D.C. Mayor Anthony A. Williams postponed a trip, cleared his schedule and sat through nearly four hours of fractious debate yesterday over his plan to bring baseball back to the nation's capital.
And when the D.C. Council at long last took a vote, giving tentative approval to the mayor's baseball bill, the famously reserved chief executive leapt to his feet with a broad smile and began energetically shaking hands.
Mayor Anthony A. Williams walks through council chambers to say thanks to members who helped push through his stadium financing plan.
(Michael Robinson-chavez -- The Washington Post)
"Great job!" Williams (D) cried to Chairman Linda W. Cropp (D), who declined to vote for the bill but marshaled it successfully through a minefield of hostile amendments.
Williams -- who is often criticized for failing to reach out to council members -- then rushed around the council chambers, cornering supporters and, one by one, offering his thanks.
"I thought it was important today to come down and have a visible presence to show how important this is for the city," Williams said later. "The council did a great thing today. I'm really excited."
It was the first time in anyone's memory that the mayor had come down to the fifth-floor council chambers from his office on the sixth floor of the John A. Wilson Building for an important vote. Cropp said it was the first time in her memory that any mayor had sat through most of a council debate.
Indeed, Cropp confessed that she was a little surprised to see Williams stride through the ornate wooden doors leading into the chambers for the first of three extended visits about 12:40 p.m.
"I think it was a good effort on his part, to tell you the truth," Cropp said. "It was extremely important for the mayor to be here and hear the concerns of members of the council. I think it's a feather in his cap."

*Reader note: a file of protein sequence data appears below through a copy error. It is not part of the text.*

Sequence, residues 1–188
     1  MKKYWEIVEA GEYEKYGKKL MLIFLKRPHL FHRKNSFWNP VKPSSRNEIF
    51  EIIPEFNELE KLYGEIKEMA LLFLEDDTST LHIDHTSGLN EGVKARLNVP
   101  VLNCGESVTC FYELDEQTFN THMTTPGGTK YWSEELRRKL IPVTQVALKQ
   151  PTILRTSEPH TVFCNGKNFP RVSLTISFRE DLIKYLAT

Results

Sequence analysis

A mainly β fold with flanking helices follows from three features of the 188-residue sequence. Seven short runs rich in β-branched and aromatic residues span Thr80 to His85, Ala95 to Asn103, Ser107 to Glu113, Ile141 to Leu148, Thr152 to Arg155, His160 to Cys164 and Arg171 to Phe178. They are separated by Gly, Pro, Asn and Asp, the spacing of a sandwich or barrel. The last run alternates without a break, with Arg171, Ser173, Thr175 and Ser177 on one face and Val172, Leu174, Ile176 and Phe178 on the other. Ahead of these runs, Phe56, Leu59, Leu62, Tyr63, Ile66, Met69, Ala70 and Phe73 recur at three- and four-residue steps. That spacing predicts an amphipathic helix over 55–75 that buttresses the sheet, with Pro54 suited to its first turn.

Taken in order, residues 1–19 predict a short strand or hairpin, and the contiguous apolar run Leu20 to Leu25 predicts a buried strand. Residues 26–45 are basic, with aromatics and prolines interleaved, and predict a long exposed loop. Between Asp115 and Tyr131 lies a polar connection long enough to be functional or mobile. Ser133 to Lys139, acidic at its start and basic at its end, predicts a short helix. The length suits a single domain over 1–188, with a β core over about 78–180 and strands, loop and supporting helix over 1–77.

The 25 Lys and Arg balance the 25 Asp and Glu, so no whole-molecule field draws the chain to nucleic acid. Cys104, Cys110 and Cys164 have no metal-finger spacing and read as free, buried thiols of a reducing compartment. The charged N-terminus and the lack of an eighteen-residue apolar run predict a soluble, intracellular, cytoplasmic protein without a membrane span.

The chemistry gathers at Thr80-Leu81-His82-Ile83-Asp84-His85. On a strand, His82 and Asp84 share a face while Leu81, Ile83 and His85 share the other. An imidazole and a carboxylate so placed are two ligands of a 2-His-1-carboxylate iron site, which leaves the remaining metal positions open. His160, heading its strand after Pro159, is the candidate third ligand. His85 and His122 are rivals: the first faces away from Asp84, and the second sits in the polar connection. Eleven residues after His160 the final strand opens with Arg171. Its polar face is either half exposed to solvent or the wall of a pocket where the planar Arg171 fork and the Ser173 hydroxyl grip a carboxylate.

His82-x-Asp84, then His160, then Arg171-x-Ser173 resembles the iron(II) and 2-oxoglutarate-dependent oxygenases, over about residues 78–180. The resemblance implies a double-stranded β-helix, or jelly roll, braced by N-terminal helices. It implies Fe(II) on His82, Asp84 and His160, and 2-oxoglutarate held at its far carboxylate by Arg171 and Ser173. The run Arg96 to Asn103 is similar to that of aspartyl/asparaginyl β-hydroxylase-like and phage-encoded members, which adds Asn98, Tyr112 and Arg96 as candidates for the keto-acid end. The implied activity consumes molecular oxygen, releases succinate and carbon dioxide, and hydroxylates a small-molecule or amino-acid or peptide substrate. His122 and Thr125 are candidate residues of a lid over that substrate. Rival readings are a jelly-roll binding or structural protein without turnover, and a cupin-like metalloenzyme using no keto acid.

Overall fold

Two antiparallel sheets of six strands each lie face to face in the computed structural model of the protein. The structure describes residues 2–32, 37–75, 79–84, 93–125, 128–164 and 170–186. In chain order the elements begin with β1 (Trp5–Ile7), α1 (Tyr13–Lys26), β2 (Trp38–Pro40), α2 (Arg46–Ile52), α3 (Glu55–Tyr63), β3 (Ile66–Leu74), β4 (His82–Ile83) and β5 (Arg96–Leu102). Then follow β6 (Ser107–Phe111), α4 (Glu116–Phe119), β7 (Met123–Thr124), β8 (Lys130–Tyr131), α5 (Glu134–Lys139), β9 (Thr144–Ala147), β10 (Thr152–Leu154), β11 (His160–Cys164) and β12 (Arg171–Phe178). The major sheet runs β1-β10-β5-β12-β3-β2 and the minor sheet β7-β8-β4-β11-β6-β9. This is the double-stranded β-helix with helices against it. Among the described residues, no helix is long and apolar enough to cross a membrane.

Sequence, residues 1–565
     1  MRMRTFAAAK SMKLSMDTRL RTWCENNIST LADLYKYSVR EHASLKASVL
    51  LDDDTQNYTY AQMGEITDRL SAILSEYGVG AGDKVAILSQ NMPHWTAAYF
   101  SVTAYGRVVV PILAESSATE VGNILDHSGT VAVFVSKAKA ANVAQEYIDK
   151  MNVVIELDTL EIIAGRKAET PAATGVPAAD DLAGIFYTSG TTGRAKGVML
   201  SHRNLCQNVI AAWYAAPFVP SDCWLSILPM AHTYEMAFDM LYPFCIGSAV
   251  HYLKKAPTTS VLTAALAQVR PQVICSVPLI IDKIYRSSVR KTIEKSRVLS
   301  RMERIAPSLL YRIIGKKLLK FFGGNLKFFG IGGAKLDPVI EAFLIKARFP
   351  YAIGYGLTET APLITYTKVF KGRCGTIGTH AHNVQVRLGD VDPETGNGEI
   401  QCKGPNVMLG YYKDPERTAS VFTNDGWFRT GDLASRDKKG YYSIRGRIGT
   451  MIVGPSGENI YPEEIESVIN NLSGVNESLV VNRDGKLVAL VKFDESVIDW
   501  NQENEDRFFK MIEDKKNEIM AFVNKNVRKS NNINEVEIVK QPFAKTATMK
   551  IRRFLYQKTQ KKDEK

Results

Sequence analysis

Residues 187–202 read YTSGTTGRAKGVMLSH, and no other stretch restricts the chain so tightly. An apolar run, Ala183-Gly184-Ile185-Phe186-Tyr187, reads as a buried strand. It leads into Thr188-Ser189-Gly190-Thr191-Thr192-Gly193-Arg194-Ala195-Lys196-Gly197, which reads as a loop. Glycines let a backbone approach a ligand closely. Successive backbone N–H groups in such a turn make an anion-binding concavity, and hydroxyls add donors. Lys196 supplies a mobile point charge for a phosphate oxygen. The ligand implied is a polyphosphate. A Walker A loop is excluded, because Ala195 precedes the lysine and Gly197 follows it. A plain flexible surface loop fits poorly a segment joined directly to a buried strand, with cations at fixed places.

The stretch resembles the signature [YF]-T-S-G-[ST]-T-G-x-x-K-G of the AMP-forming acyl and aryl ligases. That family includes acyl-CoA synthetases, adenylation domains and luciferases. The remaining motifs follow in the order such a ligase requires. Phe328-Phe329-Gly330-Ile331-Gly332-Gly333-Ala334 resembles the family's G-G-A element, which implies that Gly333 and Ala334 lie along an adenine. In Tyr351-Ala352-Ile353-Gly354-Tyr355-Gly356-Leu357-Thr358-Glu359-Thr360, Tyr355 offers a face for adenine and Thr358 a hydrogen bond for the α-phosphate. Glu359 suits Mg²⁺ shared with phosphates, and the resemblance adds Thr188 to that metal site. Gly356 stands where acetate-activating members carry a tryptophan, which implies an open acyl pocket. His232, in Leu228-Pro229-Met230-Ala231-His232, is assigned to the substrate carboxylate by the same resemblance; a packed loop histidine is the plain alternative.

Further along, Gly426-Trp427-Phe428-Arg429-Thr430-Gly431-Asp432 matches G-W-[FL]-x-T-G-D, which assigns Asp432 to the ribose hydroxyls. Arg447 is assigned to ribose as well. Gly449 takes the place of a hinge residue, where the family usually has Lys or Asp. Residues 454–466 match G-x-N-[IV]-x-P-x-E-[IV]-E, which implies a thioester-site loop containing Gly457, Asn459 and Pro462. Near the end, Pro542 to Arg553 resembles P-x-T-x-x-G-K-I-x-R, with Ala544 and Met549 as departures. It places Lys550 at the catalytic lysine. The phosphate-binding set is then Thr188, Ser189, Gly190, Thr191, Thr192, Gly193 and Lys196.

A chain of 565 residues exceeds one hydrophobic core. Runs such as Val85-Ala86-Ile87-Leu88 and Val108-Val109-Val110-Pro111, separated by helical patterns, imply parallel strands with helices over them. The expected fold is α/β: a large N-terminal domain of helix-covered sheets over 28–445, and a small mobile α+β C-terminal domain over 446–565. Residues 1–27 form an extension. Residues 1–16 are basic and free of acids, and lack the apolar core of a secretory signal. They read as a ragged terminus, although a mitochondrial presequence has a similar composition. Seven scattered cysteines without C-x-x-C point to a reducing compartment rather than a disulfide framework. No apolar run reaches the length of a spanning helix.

Others were less impressed, particularly those who voted against the baseball package. Council member Adrian M. Fenty (D-Ward 4) did not get a handshake after he challenged the mayor directly to defend a financing plan that Fenty argues is overly generous to Major League Baseball. And council member David A. Catania (I-At Large) said the mayor should have come to the 16-hour public hearing on the baseball bill if he really wanted to get a feel for the opposition.
"It's kind of puff to show up when he knows we can't ask him questions," Catania said. "He gets no points from me on that."
Williams had planned to travel yesterday to Indianapolis, where he expects to be elected president of the National League of Cities this week. But Monday, the mayor decided to postpone his departure until this morning and devote the entire day to baseball.
The mayor's day began at 9 a.m. with a series of phone calls to local radio stations eager for Williams's take on the impending vote.
Soon after, Williams met with Cropp to discuss her plans for managing the legislative session. At that meeting, Cropp assured Williams that his bill would pass, though she wouldn't promise him her vote.
Williams, in turn, gave Cropp permission to announce from the dais that he had agreed to go back to Major League Baseball officials to discuss parts of the stadium-financing agreement signed in September.
After that, Williams sat in his office making calls and watching the start of the council session on TV. Suddenly, an aide said, he stood up and announced that he was heading down to watch the debate in person.
Except for breaks to eat lunch and do radio and TV interviews, the mayor spent the rest of the afternoon in the council chambers.
Williams at first played down his presence, saying he had visited the council "a couple of times for really big deals." Later, though, he acknowledged that his time had been "an illuminating experience" that gave him new respect for the dedication of council members.
"I actually ran out and did some errands while they were sitting there," he said, "which gave me a deeper experience of how much time they put in."